Checking Respirators for Fit


A respirator can’t protect you if it doesn’t fit your face. Its that simple. Anything that prevents a good seal-whether facial hair or a hollow under the side of your jaw-is unacceptable. In aworkplacethis fit test will be performed in a very rigid manner by a trained technician. However, for the sailor/occasionalboat yardworker, we offer this shortcut procedure that is far better than nothing.

Scott AV-300 mask

Adjust the facemask to fit. Include any protective equipment you may wear, including goggles, eyeglasses, and hearing protection.

Install organic vapor cartridges if applicable.

Spray a fine mist of perfume into the air, so that it drifts down over your head. For a dust mask or particulate filter, a good dusting of black pepper or a spray of very salty water will also work. Grimace or smile broadly while repeating the alphabet for 15 seconds. Tilt your head up and down and rotate side to side while testing. If you can smell the perfume, you failed the test. If the pepper made you sneeze or you taste pepper, you failed the test. Adjust the straps and start over.

Dont assume the respirator model your dock mate swears by will fit you properly. Like shoes, its not just the size, its also the shape. Choose the one that fits you properly, and the pair it with NIOSH-rated cartridges. It will work.

If you have facial hair, full-face respirators can be more tolerant of mustaches than half-face respirators. Sometimes wetting the whiskers down with Vaseline helps. Trimming is the safest option.

Return any mask that does not pass this fit test. Worse than not functioning properly, it gives you false security.

Each time you use a cartridge-type mask, perform an inward leakage test. Remove or block the cartridges with tape, and try to inhale. It should suck to your face, with no leaks, and maintain the vacuum for at least a few seconds. This confirms you are wearing it properly and that it is not damaged. Adjust until it seals.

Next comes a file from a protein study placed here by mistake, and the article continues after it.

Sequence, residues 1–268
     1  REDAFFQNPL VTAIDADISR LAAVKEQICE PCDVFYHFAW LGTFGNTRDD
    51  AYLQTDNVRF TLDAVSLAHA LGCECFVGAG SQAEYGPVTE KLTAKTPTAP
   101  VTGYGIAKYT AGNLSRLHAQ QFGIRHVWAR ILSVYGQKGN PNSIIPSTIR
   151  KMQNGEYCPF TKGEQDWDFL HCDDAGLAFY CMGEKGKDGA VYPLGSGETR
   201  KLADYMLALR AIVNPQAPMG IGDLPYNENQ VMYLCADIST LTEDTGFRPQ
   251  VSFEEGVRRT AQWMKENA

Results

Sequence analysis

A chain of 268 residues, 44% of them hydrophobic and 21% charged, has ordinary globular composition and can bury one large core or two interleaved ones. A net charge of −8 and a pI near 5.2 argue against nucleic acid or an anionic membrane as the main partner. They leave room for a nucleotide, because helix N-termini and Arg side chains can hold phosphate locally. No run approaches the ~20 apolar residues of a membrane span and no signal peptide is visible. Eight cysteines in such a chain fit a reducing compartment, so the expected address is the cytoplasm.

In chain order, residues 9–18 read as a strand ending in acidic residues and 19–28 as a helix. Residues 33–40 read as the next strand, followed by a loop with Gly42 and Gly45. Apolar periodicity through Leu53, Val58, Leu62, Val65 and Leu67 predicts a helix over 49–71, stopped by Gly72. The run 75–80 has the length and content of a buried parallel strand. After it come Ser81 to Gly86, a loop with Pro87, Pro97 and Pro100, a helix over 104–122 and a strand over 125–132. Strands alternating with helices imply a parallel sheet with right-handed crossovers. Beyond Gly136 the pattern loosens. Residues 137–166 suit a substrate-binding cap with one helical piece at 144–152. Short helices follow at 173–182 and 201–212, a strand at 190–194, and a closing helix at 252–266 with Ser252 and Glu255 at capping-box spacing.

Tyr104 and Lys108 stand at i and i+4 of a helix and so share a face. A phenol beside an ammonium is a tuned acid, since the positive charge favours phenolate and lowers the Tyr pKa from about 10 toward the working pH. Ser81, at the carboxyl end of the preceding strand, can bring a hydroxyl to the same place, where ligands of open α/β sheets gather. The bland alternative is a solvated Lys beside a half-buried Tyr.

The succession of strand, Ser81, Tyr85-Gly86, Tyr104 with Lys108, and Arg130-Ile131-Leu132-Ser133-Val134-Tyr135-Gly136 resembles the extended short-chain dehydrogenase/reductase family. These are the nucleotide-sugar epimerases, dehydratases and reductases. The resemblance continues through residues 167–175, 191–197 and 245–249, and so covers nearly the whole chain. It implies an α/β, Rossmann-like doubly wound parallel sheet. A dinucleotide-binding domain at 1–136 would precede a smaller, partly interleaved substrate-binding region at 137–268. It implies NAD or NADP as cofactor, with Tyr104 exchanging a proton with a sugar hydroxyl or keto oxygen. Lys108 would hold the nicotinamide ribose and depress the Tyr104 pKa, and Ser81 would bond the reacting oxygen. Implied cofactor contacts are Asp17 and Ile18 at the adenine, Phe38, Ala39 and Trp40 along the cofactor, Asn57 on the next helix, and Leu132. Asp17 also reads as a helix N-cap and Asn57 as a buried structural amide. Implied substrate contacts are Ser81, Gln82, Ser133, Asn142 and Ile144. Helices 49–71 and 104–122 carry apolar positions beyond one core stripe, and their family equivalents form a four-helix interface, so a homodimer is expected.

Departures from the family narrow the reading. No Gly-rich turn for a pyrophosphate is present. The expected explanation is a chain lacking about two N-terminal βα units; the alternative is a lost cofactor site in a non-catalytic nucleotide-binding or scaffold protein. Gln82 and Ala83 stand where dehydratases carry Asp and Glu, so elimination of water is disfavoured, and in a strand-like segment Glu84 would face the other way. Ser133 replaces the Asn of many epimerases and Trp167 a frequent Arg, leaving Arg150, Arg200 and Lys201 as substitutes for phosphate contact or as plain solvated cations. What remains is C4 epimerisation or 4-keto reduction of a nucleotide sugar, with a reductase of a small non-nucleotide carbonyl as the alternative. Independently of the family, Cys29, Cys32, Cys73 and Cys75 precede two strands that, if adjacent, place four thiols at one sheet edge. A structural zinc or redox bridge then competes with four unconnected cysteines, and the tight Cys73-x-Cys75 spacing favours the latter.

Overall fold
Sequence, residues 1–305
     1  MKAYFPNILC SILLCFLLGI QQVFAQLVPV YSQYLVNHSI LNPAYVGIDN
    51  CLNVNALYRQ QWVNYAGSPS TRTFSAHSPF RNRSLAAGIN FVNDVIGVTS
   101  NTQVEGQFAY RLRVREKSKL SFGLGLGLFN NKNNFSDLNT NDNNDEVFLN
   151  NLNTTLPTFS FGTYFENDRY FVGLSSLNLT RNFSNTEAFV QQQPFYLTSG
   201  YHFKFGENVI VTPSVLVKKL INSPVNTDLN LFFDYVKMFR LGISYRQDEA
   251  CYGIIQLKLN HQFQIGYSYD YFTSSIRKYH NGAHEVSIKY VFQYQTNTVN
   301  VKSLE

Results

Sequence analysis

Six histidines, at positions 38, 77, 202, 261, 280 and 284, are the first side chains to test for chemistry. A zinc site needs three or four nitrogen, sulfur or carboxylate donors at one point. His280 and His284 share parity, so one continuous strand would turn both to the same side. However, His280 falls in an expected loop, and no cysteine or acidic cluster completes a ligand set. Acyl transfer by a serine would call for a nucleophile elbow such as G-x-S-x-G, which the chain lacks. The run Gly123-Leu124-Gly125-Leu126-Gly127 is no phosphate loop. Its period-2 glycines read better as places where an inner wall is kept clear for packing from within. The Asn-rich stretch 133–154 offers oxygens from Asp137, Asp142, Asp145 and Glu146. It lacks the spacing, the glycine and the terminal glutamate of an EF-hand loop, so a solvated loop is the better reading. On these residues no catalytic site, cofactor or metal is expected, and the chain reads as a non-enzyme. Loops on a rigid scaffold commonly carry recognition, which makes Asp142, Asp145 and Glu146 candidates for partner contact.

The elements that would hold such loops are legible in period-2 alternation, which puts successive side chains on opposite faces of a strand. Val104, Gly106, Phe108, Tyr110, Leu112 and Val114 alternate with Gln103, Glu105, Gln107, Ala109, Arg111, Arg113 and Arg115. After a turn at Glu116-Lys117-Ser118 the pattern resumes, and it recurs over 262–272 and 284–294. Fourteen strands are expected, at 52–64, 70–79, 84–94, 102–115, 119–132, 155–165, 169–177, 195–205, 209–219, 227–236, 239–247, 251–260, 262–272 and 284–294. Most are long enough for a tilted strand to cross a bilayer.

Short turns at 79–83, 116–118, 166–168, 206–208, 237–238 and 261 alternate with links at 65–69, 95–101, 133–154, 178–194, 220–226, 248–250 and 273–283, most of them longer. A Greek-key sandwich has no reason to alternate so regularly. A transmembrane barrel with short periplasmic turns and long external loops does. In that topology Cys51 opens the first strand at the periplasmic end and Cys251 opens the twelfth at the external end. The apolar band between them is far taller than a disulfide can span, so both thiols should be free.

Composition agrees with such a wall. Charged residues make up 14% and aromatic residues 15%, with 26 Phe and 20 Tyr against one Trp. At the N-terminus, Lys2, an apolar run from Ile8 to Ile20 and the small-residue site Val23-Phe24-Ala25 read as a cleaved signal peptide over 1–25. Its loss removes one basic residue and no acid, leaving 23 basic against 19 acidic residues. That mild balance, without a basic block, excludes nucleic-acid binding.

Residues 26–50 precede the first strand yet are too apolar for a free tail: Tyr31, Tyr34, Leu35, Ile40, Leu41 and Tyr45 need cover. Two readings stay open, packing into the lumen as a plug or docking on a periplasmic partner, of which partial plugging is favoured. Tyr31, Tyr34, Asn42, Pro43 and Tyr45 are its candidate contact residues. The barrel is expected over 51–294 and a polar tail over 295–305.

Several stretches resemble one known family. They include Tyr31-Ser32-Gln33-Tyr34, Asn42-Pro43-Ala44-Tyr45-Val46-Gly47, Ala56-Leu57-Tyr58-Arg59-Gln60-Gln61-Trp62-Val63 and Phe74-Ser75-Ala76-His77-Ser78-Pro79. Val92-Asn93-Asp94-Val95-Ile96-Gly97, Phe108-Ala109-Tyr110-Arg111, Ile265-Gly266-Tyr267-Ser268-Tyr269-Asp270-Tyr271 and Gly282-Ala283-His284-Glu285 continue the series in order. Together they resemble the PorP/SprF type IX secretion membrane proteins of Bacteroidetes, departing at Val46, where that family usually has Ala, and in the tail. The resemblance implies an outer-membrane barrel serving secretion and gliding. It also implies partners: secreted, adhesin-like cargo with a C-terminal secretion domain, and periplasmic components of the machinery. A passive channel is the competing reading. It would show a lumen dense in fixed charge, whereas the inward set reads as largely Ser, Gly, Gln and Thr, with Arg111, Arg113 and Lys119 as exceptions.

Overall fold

Clean after every use; if it isn’t clean, you might forego using it-at great risk. Dont forget to order spare cartridges and parts before you need them.

Darrell Nicholson
Practical Sailor has been independently testing and reporting on sailboats and sailing gear for more than 50 years. Supported entirely by subscribers, Practical Sailor accepts no advertising. Its independent tests are carried out by experienced sailors and marine industry professionals dedicated to providing objective evaluation and reporting about boats, gear, and the skills required to cross oceans. Practical Sailor is edited by Darrell Nicholson, a long-time liveaboard sailor and trans-Pacific cruiser who has been director of Belvoir Media Group's marine division since 2005. He holds a U.S. Coast Guard 100-ton Master license, has logged tens of thousands of miles in three oceans, and has skippered everything from pilot boats to day charter cats. His weekly blog Inside Practical Sailor offers an inside look at current research and gear tests at Practical Sailor, while his award-winning column,"Rhumb Lines," tracks boating trends and reflects upon the sailing life. He sails a Sparkman & Stephens-designed Yankee 30 out of St. Petersburg, Florida. You can reach him at